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. Last Updated: 07/27/2016

Moldova Wonders Where to Sell Wine

ReutersTourists driving through the world's largest wine cellar, in the village of Milestii Mici, not far from the capital, Chisinau.
MILESTII MICI, Moldova -- A visitor on foot would need far more than a day to tour the entire underground city housing the world's largest collection of wines -- about 2 million bottles -- in Moldova.

But the director of Milestii Mici wonders just who will buy any of that stock, with Russia slow to lift a ban it slapped on all wine imports last year from this country, wedged between Ukraine and Romania.

Russia said the ban on Moldovan -- and Georgian -- wine was linked to concerns over adulterated products that could harm consumers. Moldovans and Georgians believe the ban sought to punish their countries for a drive to boost ties with the West.

Moldovan President Vladimir Voronin and President Vladimir Putin agreed last November to scrap the ban on wine, restoring an economic lifeline to Europe's poorest country.

Before the ban, alcohol sales accounted for one-quarter of Moldova's exports, and Moldovan wine had a 60 percent share of the Russian market -- a gap now filled by other producers.

But Putin's pledge to toast the New Year with a glass of Moldovan champagne came to nothing. Moscow failed to restore imports, instead dispatching a steady stream of customs and health officers to conduct quality checks.

"I don't think anyone knows when Russia will lift the ban on our wine exports," said Milestii Mici's director, Mihail Maciuca.

After Russian authorities pulled Moldovan wine from store shelves and destroyed hundreds of thousands of bottles, Moldova's president acknowledged that there had been isolated instances when production standards fell short. But producers -- and the president -- ardently defend the quality of Moldova's current output. "We cannot agree that Moldovan wine is of poor quality or that it is harmful to health," the president said at the opening of a major exhibition of wine producers last month.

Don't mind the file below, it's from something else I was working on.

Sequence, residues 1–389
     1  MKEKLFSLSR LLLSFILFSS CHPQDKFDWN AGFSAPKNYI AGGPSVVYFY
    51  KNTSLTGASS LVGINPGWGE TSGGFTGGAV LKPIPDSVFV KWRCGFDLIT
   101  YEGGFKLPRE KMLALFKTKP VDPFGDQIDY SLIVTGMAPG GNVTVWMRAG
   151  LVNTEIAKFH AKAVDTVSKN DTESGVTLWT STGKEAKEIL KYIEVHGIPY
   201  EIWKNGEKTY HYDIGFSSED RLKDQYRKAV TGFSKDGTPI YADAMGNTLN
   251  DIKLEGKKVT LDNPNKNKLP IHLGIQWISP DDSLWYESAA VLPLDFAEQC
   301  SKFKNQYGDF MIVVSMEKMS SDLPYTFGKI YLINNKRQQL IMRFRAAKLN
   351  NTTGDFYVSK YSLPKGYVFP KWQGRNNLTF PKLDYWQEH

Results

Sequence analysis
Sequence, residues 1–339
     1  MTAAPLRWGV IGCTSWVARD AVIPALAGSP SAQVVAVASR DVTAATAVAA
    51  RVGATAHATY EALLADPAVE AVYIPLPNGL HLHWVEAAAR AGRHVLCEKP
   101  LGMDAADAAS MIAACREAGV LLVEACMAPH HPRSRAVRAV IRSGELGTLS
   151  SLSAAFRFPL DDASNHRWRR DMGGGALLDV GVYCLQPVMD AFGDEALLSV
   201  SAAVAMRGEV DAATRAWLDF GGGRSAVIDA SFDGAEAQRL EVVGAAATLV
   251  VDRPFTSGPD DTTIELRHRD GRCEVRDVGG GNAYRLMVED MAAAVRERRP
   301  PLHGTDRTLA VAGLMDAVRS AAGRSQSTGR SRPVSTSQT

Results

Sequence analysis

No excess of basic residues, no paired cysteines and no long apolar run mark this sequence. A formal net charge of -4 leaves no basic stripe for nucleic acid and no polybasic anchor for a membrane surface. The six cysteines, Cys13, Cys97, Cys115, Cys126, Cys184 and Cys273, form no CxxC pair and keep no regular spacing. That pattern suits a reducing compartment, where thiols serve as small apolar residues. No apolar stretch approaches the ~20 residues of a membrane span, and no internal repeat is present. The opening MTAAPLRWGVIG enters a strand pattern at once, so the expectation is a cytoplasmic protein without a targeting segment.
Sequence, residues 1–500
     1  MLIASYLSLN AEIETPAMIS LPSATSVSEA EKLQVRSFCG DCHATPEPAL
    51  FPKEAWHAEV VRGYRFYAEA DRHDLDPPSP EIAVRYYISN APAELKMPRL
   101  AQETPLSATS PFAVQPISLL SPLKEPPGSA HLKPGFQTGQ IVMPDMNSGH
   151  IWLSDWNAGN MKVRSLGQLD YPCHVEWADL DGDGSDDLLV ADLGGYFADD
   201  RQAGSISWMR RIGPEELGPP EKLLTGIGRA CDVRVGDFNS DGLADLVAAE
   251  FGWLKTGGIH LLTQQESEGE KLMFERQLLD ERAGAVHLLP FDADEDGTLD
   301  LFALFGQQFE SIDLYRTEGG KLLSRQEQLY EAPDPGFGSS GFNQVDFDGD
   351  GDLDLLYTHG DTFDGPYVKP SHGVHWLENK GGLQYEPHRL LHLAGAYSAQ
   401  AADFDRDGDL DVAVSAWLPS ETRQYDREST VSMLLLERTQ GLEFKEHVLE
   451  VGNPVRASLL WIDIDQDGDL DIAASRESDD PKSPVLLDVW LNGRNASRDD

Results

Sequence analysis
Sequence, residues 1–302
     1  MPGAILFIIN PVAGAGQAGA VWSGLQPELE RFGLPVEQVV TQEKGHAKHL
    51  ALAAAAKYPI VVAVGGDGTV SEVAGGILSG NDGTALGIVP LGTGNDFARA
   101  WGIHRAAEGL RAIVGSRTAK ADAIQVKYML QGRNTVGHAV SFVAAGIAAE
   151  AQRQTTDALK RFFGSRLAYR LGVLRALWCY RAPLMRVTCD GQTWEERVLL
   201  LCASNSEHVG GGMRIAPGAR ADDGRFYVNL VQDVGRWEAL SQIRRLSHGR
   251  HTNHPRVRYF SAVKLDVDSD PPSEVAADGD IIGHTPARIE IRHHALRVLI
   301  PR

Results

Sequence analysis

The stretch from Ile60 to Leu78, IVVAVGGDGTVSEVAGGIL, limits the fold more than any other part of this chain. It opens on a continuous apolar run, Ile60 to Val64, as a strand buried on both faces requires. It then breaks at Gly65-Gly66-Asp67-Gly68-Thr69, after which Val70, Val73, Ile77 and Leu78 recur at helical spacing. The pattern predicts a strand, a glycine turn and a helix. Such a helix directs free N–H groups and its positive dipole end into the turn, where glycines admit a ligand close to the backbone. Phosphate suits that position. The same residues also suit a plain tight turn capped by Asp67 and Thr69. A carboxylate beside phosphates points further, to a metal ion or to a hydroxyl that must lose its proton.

Moldovans say the ban was prompted by Moscow's irritation at moves by Voronin to turn away from Russia and seek European Union membership. Georgia pursues the same aim.

Voronin accuses Russia of abetting separatists who have declared their own state in Moldova's self-proclaimed Transdnestr republic.

Voronin said Moldova wanted to lessen its dependence on Russia, which previously accounted for 80 percent of exports.

Western countries now buy 25 percent of Moldovan exports, led by different types of cabernet, merlot and pinot noir, with new customers in Britain, the Czech Republic, Germany, Poland, Romania and the United States.

"The Russian ban was a shock to the entire industry. Whole plants came to a standstill," said Gheorghe Cozub, head of the union of Moldovan wine exporters.

Cozub said Moldova exported 300 million bottles in 2005, with revenues of $350 million. Last year that was halved and economic growth slowed to 4 percent from 7.5 percent in 2005.

Sergei Borets, head of Acorex-Vin, one of Moldova's most prominent producers, estimates losses from the embargo at $10 million.

Milestii Mici has fared better than many competitors. It made a name in the West with an entry in the Guinness book of records for its vast collection, 80 meters below ground. Its exports, which account for 90 percent of production, are aimed at markets in Europe and Asia. "It is not our aim to sell wine at all costs, whatever the price," Maciuca said. "Selling to the West allows for higher profits given the same volumes, or even less."